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Tradition: The True Meaning of Holidays
By Frank Sonnenberg
When you hear the word holiday, what comes to mind? If you’re like most people, shopping, parties, sales, and catalogs rank near the top of your list — while more shopping, parades, a day off, and football follow closely behind. Wouldn’t you think that holidays would be more meaningful to us? The truth is, many holidays are becoming so commercialized that our proud traditions are in danger of becoming trivialized.
Think about it . . . we’re so afraid of offending people that we ban any symbol with the slightest religious connection from our public spaces. (“Happy Holidays”? Humbug!) Today, we’re so profit-motivated that we expect retail employees to abandon their family dinners to return to their store in time for the sale. Or worse yet, their employers force them to supervise “midnight madness” sales extravaganzas, featuring over-caffeinated shoppers seeking that “dream buy.”
Many of us can’t even remember the true meaning of the holidays. Memorial Day has morphed from remembering our fallen soldiers to the unofficial beginning of summer. Labor Day’s role in recognizing the achievements of organized labor now just marks the end of summer and a return to school. Veterans Day is honored as a day off from work.
Tradition: The Foundation of Our Culture
Traditions represent a critical piece of our culture. They help form the structure and foundation of our families and our society. They remind us that we are part of a history that defines our past, shapes who we are today and who we are likely to become. Once we ignore the meaning of our traditions, we’re in danger of damaging the underpinning of our identity.
Unfortunately, this indifference isn’t limited to holiday traditions. Many people don’t treat American, family, or religious traditions with the same emphasis and respect afforded in years past. Family meals around the table have been reduced to eating on the fly. Soccer tournaments are scheduled on Father’s Day — heaven forbid, our kids trade game time for quality family time. Reading before bedtime has given way to “vegging” in front of the TV, so that parents have their downtime. Family vacations have been known to include bringing a nanny along on the trip to “entertain” the kids.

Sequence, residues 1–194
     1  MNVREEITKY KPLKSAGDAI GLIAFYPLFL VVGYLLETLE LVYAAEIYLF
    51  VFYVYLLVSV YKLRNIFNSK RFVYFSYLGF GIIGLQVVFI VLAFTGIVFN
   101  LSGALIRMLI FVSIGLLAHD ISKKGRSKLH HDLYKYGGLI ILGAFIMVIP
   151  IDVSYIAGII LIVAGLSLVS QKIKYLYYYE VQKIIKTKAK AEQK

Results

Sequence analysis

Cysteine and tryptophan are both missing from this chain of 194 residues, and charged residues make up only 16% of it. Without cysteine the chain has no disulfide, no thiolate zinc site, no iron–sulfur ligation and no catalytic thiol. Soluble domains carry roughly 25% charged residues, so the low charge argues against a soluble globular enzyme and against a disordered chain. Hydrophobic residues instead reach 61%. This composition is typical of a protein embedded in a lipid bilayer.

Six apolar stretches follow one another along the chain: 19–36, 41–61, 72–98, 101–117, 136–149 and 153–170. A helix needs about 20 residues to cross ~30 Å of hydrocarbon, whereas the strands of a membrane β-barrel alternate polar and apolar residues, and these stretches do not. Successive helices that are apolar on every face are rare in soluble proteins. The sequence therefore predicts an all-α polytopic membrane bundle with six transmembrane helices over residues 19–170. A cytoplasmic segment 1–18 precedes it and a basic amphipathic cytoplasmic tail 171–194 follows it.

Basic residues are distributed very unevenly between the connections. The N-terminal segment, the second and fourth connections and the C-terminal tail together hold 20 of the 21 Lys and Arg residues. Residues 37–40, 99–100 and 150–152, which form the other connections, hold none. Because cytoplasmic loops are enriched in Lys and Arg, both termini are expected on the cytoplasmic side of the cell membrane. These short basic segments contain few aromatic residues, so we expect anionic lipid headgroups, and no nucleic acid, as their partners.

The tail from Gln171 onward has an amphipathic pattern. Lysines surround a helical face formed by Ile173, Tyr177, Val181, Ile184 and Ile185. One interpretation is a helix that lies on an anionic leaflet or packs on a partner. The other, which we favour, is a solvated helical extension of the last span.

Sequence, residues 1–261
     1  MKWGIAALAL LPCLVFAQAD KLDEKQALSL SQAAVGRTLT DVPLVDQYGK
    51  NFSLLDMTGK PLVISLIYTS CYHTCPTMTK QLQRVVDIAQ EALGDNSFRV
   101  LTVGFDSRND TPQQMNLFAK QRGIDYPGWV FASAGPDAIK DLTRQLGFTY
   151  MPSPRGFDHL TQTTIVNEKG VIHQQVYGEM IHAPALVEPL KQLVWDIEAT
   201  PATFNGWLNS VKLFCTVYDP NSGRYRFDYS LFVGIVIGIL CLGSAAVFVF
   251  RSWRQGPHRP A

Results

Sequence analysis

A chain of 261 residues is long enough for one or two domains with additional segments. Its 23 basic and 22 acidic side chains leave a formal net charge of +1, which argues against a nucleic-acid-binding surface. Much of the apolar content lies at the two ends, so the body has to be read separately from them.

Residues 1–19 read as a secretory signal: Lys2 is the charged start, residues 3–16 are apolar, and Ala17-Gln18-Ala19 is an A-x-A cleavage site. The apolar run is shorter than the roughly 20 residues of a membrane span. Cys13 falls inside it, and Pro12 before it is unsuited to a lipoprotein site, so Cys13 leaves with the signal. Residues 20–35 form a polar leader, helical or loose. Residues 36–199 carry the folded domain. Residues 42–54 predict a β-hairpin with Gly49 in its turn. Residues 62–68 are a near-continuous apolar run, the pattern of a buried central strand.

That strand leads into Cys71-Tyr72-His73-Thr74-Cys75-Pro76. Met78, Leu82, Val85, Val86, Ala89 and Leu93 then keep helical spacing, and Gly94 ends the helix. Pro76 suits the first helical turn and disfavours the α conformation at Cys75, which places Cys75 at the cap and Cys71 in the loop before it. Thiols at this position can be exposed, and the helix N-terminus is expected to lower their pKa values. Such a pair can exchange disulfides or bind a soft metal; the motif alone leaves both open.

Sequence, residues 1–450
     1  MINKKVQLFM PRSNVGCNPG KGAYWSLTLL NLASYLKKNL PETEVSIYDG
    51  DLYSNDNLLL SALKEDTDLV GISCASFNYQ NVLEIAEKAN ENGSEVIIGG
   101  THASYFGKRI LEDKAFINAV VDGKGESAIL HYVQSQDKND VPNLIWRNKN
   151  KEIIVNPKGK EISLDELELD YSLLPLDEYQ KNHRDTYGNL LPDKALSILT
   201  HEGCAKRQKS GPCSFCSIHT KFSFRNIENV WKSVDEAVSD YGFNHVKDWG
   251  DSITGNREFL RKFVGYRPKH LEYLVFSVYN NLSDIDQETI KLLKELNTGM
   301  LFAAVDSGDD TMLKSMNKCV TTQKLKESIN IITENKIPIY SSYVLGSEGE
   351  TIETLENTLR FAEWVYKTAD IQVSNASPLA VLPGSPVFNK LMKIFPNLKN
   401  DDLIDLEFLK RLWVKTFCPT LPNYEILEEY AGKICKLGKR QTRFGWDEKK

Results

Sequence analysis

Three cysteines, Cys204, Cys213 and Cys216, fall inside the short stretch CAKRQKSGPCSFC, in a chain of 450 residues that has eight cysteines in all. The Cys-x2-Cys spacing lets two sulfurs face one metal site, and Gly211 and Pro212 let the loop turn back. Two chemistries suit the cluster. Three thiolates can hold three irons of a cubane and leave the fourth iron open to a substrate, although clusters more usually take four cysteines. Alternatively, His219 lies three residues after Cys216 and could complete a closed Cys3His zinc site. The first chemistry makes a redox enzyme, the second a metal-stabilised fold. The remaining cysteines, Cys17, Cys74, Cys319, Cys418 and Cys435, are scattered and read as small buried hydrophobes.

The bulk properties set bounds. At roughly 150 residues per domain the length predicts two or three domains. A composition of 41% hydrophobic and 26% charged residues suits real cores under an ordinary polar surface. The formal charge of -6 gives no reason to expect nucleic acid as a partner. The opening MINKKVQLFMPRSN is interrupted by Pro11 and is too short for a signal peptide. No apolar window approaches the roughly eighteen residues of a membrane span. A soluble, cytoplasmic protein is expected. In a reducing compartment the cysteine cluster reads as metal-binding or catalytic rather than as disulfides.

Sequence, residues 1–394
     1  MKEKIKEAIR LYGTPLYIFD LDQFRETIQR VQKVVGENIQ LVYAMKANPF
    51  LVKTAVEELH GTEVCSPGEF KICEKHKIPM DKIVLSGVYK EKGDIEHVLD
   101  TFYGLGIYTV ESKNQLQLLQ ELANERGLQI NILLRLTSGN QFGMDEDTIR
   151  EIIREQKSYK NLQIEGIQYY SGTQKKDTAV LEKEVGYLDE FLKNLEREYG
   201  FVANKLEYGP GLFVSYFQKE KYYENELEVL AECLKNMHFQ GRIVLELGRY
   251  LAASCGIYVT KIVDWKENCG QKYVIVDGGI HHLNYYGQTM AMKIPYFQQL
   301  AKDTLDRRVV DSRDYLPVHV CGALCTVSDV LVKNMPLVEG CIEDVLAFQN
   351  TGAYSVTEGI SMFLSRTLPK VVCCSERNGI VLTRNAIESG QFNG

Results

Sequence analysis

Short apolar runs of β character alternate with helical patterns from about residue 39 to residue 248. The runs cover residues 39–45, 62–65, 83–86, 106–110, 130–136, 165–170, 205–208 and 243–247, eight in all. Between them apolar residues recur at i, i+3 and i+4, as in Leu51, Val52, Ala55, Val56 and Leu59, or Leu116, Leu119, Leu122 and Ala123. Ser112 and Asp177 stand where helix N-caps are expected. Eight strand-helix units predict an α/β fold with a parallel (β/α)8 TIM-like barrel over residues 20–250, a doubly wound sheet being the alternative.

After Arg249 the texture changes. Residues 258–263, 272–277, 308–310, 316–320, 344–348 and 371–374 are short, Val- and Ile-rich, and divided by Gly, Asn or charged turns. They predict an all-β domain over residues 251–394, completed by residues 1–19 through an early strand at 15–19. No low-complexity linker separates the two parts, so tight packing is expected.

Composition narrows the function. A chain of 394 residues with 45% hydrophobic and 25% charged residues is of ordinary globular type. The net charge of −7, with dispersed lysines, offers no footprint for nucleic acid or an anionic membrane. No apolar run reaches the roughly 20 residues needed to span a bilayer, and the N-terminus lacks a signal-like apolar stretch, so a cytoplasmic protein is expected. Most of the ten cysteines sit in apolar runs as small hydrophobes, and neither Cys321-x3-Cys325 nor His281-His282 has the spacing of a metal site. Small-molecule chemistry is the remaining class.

Tradition Performs an Important Role in Our Society
Tradition: The Heart of Our Culture
As leaders, role models, and parents, we must strive to utilize every opportunity available to us to reinforce the values and beliefs that we hold dear. Whether it’s reciting the Pledge of Allegiance before school, saying grace before a meal, reading our children a story before bedtime, orienting new employees with a discussion of the company’s beliefs and values, talking to our kids about our heroes and role models, providing quality feedback during an employee performance review, having the weekly family pancake breakfast on Sunday, or asking business colleagues to attend the “Race for the Cure” — no moment is too small or insignificant in the quest to convey the true meaning of the traditions and the values that unite us.
Once these values are internalized, they affect the norms that influence our day-to-day actions, determine what’s important, reinforce appropriate behavior, and change attitudes toward ourselves and our relationships with others.
That’s where traditions come in. We should emphasize the sportsmanship and determination of our athletes as much as we underscore winning during the Olympics. We should fulfill a Secret Santa wish for a family in need just as we satisfy the holiday wishes of our own family and friends. We should emphasize what a person did to help others in his/her career ascent as much as we celebrate the personal achievements of a retiree. We should renew our vows to our spouse as much as we shower him or her with gifts on wedding anniversaries. We should emphasize the struggles that people endured for the right to vote as much as we ask people to support a candidate. We should spotlight how celebrities conduct themselves in their personal lives as much as we celebrate their professional achievements at the awards ceremony.
The alternative to action is taking these values for granted. The result is that our beliefs will get so diluted, over time, that our way of life will become foreign to us. It’s like good health. You may take it for granted until you lose it. If we disregard our values, we’ll open our eyes one day and won’t be able to recognize “our world” anymore. The values that support the backbone of our country, our family, and our faith will have drifted for so long that the fabric of our society will be torn.
Don’t let thoughtless apathy overshadow tradition. We all have a moral obligation to regularly remind the world why our values matter to us. Laws and regulations won’t protect our culture. In fact, somebody recently figured out that we have concocted 35 million laws to enforce the Ten Commandments. So, the next time you celebrate a holiday, remember that your real gift and responsibility is to mark the true meaning of the day. Cheers!
What Are Your Thoughts About Tradition?